The Common Good

A Time for Giving Thanks

Sojomail - November 26, 2008


"I think they should. That's an example of taking responsibility. I think that if you are already worth tens of millions of dollars, and you are having to lay off workers, the least you can do is say, 'I'm willing to make some sacrifice as well, because I recognize that there are people who are a lot less well off, who are going through some pretty tough times.’"

- President-elect Barack Obama, when asked in an interview with ABC News' Barbara Walters if U.S. banking executives should forgo large bonuses. (Source: ABC News)

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Hearts & Minds by Jim Wallis

A Time for Giving Thanks

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It is a time to be thankful, even in the midst of the economic crisis all around the world. The election showed that our country is better than some of us thought it was. The electorate voted to turn the page on many things, and to choose hope over fear.

I am in England for a family visit — my wife, Joy, being British. And I have been amazed at how hopeful people are here about a U.S. election. Even among ordinary people, something has connected. I have been meeting with both church and political leaders this week who also feel a moment of opportunity. On Nov. 4, there was dancing in the streets, not only in my inner-city D.C. neighborhood, but in London as well. There is now a chance for the U.S. to change its image in the world.

It's been a long, hard year for many of us. And the sense of relief and even joy is still slowly settling in. We have no utopian illusions, no faith in political messiahs, but we still see a transformational moment in this election — especially for a new generation. So despite the falling financial markets and the problems focused on during this endless political campaign still unsolved, let us take this Thanksgiving holiday to truly give thanks for the hope that so many now feel in our country and around the world. Let us thank God for new beginnings. And let us pray for better days ahead.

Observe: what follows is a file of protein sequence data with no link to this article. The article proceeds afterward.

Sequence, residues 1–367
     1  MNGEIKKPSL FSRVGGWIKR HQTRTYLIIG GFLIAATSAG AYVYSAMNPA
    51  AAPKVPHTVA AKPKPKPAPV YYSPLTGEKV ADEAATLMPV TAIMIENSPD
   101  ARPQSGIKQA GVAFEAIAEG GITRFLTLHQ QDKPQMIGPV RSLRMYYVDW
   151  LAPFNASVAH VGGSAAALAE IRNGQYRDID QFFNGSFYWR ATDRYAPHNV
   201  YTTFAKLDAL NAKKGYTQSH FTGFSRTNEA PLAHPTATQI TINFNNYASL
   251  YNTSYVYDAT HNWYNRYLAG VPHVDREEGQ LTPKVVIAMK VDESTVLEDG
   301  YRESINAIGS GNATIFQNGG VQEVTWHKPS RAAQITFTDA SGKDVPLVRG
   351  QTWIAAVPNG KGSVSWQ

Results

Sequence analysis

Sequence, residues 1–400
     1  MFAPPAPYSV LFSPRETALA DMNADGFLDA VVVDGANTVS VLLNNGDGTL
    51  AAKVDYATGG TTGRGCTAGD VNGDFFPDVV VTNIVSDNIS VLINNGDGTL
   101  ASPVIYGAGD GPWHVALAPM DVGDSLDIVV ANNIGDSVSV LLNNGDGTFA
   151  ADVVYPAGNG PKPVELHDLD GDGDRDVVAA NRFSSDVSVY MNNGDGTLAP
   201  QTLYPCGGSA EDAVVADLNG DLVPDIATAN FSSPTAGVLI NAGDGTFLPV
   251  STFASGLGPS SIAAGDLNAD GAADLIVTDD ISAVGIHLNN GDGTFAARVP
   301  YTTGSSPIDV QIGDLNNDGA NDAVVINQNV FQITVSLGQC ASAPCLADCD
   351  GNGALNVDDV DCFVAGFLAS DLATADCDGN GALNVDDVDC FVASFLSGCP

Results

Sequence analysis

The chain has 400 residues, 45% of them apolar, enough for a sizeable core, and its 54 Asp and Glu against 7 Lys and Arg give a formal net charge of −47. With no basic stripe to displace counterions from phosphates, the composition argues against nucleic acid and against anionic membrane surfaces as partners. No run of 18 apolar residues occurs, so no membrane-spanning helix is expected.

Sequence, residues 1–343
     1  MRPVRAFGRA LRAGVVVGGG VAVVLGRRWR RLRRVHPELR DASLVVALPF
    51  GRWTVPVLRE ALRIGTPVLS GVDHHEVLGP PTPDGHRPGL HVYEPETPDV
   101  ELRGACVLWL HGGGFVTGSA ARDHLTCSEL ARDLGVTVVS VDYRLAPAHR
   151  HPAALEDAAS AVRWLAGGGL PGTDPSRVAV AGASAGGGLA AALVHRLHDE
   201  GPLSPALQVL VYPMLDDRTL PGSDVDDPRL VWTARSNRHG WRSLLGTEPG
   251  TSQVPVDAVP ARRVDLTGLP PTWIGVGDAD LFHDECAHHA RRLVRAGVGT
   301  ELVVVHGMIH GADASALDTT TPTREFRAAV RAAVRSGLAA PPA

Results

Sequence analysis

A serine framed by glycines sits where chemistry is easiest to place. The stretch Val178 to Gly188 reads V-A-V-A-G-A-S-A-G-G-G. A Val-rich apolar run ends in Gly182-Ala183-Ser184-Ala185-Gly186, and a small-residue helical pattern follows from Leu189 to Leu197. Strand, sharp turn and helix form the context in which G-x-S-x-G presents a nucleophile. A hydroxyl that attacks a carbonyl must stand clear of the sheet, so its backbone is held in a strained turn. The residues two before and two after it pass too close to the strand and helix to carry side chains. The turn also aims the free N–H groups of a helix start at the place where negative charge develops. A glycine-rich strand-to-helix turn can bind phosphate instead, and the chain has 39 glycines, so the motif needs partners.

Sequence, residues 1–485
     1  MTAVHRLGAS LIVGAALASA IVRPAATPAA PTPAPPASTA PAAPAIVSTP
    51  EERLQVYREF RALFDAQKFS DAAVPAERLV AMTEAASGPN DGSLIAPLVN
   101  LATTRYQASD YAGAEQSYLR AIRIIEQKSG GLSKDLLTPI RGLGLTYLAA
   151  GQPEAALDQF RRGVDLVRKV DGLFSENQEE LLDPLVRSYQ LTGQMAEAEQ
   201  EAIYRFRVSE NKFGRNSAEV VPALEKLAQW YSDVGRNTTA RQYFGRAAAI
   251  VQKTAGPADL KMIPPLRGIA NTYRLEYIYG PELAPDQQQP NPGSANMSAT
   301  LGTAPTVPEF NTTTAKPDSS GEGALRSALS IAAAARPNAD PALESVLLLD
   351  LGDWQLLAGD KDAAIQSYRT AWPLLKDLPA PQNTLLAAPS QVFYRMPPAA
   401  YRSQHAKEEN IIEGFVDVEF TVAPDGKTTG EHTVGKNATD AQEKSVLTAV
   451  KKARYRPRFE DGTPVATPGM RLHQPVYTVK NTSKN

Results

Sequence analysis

And then on Monday, let us go back to work, because there is much work to be done. We haven't yet seen the change that we need, but we now have the opportunity to make that change — which depends not just on a new president, but on each and every one of us. People of faith are often the ones turned to for translating hopes into realities. Let us rest well this holiday, for the work of real change is just ahead.

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Thinking Thankfully About Money
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When you are giving thanks this week, why not give thanks for money? Sound crass? It shouldn't be, because that's what could empower a household economy based on gratitude rather than one driven by greed or guilt.
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Leading up to Nov. 4, editorial pages ran scurrilous commentaries attacking as "clever ploys to elect Republicans" the democratic process used to define and defend marriage against those who feign tolerance and advance an agenda of familial redefinition. The election of Barack Obama kindly puts that notion to rest. Evangelicals led by Jim Wallis, Tony Campolo and others voted in droves for the hope of social-justice change promised by the presidency of Sen. Obama. Let us hope they are correct.

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Sojourners President Jim Wallis said the election results indicate a wide range of evangelicals may be ready to broaden the issues they address with Congress and the White House.

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